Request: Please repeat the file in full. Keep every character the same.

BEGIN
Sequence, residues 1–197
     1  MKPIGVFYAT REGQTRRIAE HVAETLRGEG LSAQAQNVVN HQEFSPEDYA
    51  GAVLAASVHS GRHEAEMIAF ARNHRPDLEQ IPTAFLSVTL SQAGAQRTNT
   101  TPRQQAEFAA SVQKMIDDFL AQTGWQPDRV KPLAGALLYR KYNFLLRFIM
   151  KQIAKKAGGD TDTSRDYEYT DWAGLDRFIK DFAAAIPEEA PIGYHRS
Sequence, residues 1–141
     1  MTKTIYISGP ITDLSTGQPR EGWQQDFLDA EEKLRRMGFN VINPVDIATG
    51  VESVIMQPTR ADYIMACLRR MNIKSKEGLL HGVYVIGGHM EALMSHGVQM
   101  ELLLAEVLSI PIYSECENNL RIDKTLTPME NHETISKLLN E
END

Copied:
Sequence, residues 1–197
     1  MKPIGVFYAT REGQTRRIAE HVAETLRGEG LSAQAQNVVN HQEFSPEDYA
    51  GAVLAASVHS GRHEAEMIAF ARNHRPDLEQ IPTAFLSVTL SQAGAQRTNT
   101  TPRQQAEFAA SVQKMIDDFL AQTGWQPDRV KPLAGALLYR KYNFLLRFIM
   151  KQIAKKAGGD TDTSRDYEYT DWAGLDRFIK DFAAAIPEEA PIGYHRS
Sequence, residues 1–141
     1  MTKTIYISGP ITDLSTGQPR EGWQQDFLDA EEKLRRMGFN VINPVDIATG
    51  VESVIMQPTR ADYIMACLRR MNIKSKEGLL HGVYVIGGHM EALMSHGVQM
   101  ELLLAEVLSI PIYSECENNL RIDKTLTPME NHETISKLLN E